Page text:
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Why remainers should keep the faith and vote Labour on Thursday

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Legend has it that a group of Liberal Democrats on the Isle of Wight once exercised their democratic right by putting the CND logo on their ballot papers rather than a cross. It was meant as a protest vote – though confusingly, one that was unrelated to nuclear disarmament. It is true that you don’t have to make your mark with a cross. In another episode involving Lib Dems, the party successfully argued that a voter who depicted male genitalia in their candidate’s box was nevertheless intending to cast a vote for them. That story has the benefit of being verifiable: the CND signs, unfortunately, not so much. I dredged though newspapers back to 1983, harassed academics, and dug into the annals of Isle of Wight politics, all to no avail.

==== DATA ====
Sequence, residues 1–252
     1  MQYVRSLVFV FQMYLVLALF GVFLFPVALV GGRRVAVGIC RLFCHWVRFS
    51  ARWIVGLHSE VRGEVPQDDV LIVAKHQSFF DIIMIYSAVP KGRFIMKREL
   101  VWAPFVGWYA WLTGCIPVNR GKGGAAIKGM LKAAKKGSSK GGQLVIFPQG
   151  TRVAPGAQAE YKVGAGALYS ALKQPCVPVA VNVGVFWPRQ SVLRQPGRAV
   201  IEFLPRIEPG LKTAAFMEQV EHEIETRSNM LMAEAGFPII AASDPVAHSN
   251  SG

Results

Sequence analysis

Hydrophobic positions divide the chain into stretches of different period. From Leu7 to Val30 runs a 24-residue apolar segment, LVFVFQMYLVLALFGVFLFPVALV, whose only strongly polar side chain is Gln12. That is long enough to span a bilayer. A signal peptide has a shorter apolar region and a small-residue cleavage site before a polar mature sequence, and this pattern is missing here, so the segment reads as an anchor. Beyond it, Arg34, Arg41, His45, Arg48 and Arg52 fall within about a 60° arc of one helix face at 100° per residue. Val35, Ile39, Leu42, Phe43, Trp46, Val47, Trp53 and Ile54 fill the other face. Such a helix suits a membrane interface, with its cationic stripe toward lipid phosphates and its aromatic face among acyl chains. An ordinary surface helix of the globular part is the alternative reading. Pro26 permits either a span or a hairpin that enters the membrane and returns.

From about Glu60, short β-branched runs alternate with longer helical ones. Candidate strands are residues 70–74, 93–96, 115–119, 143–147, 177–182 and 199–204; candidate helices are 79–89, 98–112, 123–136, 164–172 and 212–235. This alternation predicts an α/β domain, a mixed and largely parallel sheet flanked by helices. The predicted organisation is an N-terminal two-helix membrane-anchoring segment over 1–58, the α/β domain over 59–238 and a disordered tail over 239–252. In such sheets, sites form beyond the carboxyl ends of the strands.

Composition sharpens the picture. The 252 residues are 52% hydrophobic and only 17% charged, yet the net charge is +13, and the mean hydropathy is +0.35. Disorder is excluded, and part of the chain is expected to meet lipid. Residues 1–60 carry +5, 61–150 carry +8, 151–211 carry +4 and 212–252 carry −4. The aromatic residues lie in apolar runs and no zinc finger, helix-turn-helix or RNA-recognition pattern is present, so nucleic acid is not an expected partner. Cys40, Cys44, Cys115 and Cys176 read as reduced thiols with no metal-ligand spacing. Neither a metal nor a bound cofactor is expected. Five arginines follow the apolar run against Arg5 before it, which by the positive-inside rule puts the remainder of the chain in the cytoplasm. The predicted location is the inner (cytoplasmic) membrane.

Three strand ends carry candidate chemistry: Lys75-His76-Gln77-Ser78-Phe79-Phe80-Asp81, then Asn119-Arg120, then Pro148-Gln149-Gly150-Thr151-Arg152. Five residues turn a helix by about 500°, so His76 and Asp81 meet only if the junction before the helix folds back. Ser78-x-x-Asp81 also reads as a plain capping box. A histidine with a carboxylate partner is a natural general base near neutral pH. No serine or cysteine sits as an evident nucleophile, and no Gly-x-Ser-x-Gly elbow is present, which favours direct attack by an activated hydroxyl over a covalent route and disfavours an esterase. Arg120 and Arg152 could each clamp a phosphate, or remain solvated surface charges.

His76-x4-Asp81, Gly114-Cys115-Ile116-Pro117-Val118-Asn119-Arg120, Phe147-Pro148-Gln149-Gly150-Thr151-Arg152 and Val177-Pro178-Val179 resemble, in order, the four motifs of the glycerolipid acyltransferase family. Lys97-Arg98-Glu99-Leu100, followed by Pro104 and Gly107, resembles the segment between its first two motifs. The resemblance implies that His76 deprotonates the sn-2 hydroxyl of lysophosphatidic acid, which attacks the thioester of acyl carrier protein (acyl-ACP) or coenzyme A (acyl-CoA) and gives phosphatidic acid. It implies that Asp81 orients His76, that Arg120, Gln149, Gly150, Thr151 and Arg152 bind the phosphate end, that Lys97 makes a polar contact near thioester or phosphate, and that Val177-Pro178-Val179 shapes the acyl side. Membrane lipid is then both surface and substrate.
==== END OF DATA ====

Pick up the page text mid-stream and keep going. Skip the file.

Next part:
Why, you might ask, in the lead-up to elections that the far right is already visualising as a famous victory, did I fritter my energy away in such idle research? Utter frustration had a lot to do with it. Because imagine what the European elections would look like if you could signal – whichever party you voted for – that yours was a remain vote. Maybe it could be done through placing a star instead of a cross on the ballot paper. Or “a B with a cross through it”, as someone suggested to me, on the grounds that “nobody knows how to draw a star”.

This would have been game-changing for Labour voters, who could have supported the candidates they believed in without the threat of their vote being interpreted, post hoc, as a call to “get on with Brexit”. It could have galvanised the not insignificant body of Conservatives who are pragmatic remainers, and have thus been denounced as traitors by the suddenly dominant extremists within their........

© The Guardian